"The organization is great. They've been nothing but great to me since I've been here," Gay said. "They work hard to keep guys happy ... I mean obviously this team hasn't been up to the stature in a long time - up to a playoff stature in a long time - but I think, you know, that's in the future. I can see that in the future because of the new direction this organization is going."

Will that be enough to keep a guy entering the peak of his career in Sacramento? Hard to say, but that $19.3 million option next season would be difficult to pass up I imagine. He may opt out and the Kings could then dangle long-term stability in front of him in the form of a four-year deal or so. The other options being he walks or they pay him that $19.3 million for next season. USA Today's Sam Amick also has reported that the Phoenix Suns would be interested in Gay if he opts out.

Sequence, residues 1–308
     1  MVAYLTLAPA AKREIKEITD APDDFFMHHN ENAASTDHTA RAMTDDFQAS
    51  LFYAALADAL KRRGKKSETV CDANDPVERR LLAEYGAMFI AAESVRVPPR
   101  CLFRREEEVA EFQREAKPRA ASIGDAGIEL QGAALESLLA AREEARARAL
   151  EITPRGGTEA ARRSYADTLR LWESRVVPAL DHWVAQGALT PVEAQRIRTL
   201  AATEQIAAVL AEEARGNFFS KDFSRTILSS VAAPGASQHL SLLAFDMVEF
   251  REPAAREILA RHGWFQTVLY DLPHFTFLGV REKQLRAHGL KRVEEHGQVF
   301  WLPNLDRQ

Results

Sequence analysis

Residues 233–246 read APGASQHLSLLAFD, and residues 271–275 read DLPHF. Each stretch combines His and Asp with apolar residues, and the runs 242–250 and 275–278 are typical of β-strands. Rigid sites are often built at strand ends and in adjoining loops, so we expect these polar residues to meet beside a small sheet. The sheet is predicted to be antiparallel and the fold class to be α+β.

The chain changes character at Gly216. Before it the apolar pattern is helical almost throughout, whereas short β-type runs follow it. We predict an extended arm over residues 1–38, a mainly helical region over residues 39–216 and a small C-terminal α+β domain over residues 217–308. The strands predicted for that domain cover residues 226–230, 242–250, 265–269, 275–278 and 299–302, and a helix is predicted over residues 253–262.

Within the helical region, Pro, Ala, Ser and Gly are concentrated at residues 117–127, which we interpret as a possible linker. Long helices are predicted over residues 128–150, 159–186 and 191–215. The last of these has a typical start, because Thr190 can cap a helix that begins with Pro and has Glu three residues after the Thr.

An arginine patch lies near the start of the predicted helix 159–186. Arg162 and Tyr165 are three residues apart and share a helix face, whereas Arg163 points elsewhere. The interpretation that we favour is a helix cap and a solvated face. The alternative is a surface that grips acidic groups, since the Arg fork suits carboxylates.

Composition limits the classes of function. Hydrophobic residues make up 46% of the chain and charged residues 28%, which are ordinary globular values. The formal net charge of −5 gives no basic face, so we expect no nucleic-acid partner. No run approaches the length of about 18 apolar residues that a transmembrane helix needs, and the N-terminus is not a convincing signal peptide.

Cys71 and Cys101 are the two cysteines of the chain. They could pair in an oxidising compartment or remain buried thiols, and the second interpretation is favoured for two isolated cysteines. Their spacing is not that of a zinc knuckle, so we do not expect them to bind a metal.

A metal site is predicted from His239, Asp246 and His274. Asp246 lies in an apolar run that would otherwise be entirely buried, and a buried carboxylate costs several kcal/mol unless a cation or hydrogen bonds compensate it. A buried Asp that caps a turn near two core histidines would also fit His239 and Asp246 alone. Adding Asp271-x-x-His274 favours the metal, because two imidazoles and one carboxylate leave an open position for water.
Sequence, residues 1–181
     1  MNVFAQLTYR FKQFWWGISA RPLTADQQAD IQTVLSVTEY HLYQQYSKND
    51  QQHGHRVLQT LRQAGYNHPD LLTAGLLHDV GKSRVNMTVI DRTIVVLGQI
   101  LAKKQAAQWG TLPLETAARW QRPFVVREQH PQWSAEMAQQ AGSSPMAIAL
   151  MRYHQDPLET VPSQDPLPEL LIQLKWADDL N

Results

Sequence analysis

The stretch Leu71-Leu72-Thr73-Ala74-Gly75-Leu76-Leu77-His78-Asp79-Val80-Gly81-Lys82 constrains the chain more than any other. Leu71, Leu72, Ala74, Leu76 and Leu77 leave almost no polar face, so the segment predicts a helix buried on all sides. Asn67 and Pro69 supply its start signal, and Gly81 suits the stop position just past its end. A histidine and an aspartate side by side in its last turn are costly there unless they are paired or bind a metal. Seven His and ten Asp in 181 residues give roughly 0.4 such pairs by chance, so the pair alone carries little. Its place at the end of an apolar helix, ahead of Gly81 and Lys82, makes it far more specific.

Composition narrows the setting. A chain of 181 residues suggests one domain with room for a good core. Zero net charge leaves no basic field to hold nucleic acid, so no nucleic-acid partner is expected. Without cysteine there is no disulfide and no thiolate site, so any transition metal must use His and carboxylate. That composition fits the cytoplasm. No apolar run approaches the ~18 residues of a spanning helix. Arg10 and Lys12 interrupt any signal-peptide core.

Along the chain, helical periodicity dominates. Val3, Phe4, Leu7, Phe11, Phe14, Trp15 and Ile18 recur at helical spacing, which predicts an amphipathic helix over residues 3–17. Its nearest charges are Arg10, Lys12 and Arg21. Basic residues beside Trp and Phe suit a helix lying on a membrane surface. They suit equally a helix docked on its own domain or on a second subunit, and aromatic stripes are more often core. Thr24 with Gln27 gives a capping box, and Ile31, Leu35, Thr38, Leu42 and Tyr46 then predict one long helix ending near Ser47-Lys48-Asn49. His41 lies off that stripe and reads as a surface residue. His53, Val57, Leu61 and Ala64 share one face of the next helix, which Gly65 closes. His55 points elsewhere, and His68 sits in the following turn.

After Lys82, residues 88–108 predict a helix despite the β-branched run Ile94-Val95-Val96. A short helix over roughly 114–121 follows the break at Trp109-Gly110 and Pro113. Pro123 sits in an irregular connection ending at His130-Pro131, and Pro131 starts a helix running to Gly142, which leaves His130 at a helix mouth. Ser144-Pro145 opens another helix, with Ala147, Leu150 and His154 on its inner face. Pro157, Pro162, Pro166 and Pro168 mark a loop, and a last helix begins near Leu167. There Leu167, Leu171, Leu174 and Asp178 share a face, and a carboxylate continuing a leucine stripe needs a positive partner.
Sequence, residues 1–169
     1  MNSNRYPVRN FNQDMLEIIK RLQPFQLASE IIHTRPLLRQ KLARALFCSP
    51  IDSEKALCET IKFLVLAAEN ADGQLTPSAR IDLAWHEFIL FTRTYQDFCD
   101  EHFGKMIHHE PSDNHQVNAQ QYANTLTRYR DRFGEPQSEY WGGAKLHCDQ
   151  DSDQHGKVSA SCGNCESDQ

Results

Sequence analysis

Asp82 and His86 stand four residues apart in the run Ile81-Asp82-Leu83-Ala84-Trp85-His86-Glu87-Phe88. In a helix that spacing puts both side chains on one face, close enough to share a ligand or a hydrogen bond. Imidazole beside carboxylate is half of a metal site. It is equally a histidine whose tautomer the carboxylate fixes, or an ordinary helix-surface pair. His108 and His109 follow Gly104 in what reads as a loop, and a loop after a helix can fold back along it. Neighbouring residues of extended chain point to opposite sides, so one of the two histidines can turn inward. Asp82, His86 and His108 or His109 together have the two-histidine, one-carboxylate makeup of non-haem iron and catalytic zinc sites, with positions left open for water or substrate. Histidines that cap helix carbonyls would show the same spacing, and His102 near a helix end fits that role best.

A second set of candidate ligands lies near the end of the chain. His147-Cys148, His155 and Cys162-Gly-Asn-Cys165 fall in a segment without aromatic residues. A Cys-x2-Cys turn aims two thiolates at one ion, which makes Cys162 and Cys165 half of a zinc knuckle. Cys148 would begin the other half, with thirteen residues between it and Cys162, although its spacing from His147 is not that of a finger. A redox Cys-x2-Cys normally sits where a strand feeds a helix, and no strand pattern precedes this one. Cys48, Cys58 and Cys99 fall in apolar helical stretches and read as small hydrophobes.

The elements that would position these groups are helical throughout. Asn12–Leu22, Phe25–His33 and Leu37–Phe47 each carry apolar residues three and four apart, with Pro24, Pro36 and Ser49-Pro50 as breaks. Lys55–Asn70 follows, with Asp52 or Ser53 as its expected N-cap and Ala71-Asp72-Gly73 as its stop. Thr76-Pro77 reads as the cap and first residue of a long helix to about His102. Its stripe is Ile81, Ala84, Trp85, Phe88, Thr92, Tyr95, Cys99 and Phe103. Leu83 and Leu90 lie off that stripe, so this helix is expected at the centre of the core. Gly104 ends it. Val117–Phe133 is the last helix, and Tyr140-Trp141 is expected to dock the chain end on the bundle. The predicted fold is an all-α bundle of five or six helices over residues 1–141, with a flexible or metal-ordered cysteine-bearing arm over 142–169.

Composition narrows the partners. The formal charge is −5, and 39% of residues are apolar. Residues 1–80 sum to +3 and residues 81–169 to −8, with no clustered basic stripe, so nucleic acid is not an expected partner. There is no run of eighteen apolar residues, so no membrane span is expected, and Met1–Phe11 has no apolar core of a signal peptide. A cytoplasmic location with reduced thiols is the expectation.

So yeah, a lot of uncertainty.

Two things are for sure at this point though:

1. Rudy Gay has revived his career in Sacramento.

2. Rudy Gay is not only a leader on the Kings; he is the leader, in my opinion.

Let's take a look at that first point. It's been well documented about how Gay's efficiency has increased since arriving in Sacramento. He is currently averaging 20.1 points, 6.3 rebounds, 2.9 assists, and 1.5 steals per game - all of these numbers are higher than his career averages in each category. Over the last three games, he is averaging 26.3 points, 7 rebounds, 3.7 assists and 1.7 steals. His field goal percentage has dropped a little since he got off to that blistering 50-percent+ start with the Kings (he is now at his career average 45 percent). That dip could mean he is coming back down to reality or it could be related to his Achilles injury. Cousins' injury problems also could have played a factor because Gay clearly is the most efficient when he has a dominant center to play alongside of.